- It is also useful to think of potential energy in terms of change in energy level with respect to a zero. The surface of the earth has been arbitrarily assumed to be at zero potential energy.
- The potential for energy is with respect to a zero defined for a system. The potential energy is, therefore, always to be referred to in terms of a system. The potential energy of the object-earth system was changed when it was lifted to a height ‘h’.
If an object of mass ‘m’ is raised to a height ‘h’, work has been done.
Work done = m x g xh
This is stored in the object as potential energy and when the object falls, gets converted into kinetic energy. In this particular case, the potential energy is referred to as gravitational potential energy. An object can also possess potential energy if it is put under strain. Then it has energy stored in it because of the work done to bring it in that condition. In a time piece, the main spring, for example, once wound keeps unwinding and driving the clockwork mechanism for many hours. Here the coiled spring has energy stored in it because of the work done on it while winding.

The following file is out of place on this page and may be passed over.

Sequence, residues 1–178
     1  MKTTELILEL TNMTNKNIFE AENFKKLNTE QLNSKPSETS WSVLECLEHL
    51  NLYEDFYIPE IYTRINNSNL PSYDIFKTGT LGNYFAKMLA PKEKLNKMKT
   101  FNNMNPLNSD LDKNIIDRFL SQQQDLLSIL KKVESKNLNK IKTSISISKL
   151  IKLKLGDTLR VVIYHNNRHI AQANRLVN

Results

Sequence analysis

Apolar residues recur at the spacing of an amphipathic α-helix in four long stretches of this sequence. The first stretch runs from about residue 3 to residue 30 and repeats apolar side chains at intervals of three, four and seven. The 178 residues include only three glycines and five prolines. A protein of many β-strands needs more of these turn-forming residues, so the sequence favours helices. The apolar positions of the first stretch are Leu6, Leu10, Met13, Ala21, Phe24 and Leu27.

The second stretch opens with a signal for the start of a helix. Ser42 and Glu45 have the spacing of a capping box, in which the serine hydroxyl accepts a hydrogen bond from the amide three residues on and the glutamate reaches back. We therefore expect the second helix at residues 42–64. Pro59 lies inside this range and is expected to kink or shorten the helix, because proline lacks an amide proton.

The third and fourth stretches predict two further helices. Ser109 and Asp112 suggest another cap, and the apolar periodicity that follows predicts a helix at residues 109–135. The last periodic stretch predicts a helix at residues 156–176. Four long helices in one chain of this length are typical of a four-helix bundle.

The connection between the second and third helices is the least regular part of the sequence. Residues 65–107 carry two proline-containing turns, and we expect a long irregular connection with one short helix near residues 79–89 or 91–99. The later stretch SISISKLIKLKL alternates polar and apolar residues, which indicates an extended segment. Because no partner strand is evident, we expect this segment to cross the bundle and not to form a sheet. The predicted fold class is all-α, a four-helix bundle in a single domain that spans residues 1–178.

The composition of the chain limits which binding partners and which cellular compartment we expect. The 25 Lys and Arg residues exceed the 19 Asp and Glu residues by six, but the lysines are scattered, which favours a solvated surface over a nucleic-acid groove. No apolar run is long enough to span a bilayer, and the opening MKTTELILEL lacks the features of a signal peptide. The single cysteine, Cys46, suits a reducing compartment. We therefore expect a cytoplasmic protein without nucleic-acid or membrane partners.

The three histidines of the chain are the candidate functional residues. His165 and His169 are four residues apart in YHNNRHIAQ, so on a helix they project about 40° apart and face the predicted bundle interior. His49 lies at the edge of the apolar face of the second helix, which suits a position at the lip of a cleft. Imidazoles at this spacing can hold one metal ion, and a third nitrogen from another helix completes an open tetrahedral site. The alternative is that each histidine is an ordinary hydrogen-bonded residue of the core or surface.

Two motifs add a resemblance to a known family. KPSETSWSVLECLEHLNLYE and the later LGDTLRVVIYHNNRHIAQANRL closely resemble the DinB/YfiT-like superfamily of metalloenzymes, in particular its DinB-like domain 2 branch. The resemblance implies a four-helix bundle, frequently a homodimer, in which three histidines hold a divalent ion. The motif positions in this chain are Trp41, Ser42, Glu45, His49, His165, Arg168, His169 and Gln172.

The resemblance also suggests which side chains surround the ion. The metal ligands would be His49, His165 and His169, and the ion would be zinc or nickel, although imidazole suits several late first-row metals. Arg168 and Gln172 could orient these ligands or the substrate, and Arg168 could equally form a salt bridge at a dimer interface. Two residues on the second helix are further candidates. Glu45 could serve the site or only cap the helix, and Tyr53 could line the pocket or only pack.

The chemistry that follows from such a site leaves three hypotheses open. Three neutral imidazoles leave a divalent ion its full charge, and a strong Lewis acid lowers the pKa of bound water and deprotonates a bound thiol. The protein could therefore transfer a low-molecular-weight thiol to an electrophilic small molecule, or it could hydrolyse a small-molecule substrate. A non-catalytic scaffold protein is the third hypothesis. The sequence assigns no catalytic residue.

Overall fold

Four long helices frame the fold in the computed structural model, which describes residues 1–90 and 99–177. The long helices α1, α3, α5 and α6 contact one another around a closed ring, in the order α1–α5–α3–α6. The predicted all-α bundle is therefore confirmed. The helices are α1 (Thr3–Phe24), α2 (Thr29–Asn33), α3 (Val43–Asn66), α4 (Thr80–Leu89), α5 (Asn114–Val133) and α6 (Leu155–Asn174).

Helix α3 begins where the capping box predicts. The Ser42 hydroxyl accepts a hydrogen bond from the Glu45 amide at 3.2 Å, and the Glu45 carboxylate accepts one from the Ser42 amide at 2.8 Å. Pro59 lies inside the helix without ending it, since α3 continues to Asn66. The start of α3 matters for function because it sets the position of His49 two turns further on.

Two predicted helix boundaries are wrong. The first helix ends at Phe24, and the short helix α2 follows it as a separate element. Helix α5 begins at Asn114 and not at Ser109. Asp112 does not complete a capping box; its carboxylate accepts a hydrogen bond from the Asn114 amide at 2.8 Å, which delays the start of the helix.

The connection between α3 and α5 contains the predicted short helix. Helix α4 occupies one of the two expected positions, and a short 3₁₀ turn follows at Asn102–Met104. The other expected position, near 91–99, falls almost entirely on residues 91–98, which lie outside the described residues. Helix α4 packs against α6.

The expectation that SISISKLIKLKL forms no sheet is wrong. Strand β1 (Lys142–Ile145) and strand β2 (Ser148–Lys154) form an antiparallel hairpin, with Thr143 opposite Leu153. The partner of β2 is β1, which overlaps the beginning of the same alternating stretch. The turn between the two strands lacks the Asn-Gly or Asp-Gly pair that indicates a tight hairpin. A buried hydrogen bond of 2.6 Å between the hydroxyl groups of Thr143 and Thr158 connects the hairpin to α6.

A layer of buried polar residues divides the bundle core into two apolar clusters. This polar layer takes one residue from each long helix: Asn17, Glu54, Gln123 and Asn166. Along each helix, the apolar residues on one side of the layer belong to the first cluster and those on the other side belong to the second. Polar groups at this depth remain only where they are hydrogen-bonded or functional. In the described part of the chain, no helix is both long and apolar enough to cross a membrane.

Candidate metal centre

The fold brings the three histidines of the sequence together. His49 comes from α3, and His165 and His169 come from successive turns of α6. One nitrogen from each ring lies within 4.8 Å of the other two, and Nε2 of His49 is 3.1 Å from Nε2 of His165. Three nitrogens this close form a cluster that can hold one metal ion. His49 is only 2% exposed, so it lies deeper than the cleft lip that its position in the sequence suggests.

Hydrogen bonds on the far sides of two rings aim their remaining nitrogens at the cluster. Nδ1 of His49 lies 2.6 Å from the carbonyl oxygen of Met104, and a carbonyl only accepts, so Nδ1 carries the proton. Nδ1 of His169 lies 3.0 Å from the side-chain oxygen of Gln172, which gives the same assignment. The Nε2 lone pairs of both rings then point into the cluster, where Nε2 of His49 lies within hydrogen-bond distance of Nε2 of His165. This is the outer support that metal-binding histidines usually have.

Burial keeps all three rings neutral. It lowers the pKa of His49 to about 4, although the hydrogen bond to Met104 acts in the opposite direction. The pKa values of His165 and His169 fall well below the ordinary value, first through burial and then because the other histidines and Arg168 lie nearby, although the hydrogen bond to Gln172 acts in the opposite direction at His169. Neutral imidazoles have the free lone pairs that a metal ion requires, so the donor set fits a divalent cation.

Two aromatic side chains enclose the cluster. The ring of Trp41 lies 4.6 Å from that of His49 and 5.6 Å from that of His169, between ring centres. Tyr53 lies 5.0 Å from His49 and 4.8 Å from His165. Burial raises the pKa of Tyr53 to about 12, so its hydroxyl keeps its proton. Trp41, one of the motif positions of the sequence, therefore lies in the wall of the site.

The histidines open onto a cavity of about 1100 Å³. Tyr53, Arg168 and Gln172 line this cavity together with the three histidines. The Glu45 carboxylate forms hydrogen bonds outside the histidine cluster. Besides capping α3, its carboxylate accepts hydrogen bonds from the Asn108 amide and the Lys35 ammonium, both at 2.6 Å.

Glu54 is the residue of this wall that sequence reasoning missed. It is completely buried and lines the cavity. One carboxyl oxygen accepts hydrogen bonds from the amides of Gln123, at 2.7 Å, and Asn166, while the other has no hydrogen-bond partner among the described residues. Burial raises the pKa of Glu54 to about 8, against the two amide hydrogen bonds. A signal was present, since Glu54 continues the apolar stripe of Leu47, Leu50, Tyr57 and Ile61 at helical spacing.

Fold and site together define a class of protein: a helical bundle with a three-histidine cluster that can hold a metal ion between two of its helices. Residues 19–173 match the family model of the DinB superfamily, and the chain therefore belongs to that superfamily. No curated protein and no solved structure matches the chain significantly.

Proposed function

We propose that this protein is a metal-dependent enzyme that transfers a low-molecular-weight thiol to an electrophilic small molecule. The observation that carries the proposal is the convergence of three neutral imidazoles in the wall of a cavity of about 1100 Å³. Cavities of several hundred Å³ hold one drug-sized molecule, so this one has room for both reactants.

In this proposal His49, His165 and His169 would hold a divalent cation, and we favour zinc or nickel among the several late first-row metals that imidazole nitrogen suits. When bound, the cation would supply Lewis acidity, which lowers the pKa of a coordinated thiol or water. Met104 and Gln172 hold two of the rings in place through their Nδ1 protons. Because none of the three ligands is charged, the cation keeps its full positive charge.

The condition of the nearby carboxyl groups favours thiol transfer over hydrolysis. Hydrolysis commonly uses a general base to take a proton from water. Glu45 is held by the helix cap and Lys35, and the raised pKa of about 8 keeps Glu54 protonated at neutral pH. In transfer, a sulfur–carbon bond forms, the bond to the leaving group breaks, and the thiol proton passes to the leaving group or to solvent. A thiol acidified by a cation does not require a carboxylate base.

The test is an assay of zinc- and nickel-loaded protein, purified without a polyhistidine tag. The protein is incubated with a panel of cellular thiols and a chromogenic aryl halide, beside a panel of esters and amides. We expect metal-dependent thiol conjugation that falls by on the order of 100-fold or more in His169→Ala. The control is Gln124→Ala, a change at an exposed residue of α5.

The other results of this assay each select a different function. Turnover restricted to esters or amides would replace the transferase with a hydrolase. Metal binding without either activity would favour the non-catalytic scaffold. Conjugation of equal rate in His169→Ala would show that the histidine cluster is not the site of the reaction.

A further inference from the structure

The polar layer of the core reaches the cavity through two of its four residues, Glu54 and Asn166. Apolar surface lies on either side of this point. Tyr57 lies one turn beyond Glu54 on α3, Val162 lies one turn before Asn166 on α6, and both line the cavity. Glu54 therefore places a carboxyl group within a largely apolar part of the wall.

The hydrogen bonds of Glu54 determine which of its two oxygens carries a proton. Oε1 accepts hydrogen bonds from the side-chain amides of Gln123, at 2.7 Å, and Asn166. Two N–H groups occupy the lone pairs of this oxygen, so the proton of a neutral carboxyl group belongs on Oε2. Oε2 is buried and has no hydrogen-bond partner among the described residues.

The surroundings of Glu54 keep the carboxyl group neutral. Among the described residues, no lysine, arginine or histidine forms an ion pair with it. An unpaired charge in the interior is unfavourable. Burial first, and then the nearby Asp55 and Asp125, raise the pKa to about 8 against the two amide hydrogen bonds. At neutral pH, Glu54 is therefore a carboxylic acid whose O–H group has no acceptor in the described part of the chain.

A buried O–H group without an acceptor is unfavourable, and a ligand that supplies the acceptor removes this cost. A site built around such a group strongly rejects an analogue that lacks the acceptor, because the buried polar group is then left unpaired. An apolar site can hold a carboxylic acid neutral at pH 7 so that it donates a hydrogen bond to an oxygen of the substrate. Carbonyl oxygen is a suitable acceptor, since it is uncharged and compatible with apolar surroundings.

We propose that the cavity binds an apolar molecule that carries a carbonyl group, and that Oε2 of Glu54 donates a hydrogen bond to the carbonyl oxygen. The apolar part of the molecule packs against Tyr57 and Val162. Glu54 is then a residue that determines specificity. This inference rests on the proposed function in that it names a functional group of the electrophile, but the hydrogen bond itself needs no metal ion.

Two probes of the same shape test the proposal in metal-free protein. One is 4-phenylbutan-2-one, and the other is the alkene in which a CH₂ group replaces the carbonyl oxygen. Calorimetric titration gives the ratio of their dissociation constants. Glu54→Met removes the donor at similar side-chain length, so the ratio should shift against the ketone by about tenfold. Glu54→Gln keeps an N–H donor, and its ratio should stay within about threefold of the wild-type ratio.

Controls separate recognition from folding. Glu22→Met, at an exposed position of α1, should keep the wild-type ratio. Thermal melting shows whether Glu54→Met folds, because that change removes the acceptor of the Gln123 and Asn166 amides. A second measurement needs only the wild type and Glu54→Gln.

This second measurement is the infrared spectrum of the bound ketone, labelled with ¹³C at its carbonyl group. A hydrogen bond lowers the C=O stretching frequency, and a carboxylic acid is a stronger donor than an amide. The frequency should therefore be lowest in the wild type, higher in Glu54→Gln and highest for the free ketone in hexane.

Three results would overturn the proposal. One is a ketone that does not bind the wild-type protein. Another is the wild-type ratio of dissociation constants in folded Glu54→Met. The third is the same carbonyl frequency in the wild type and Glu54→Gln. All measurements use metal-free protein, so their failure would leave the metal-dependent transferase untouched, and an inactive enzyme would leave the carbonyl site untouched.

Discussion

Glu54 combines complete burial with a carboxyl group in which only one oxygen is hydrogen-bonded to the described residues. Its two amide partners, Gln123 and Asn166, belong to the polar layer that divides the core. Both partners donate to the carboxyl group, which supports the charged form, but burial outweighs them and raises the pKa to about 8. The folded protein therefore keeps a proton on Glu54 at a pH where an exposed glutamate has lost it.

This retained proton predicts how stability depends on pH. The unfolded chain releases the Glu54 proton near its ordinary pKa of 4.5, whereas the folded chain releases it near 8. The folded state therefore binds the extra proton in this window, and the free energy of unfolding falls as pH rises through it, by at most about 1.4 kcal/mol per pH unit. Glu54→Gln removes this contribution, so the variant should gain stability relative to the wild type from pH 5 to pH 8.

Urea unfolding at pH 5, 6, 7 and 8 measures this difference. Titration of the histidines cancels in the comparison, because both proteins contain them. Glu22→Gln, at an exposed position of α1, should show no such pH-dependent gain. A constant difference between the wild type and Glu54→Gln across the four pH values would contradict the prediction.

Potential energy is the potential for energy that is built in an object. The energy that an object possesses when it is lifted to a height or it is put under strain is potential energy.
Activity 1 (Self-evaluation for student)
Potential Energy – Kinetic energy changes during free fall
Conservation of energy
The key idea here is that the total energy of the system is conserved. Potential energy can be converted into kinetic energy and vice versa. But the total energy remains unchanged.
In more general terms, the law of conservation of energy states that energy can neither be created nor destroyed; but can be transformed from one form to another.
Activity : Conservation of mechanical energy in a pendulum
- To study the motion of a simple pendulum
- To observe the different factors on which the motion of a simple pendulum depends
- Develop an understanding that gravity is a conservative force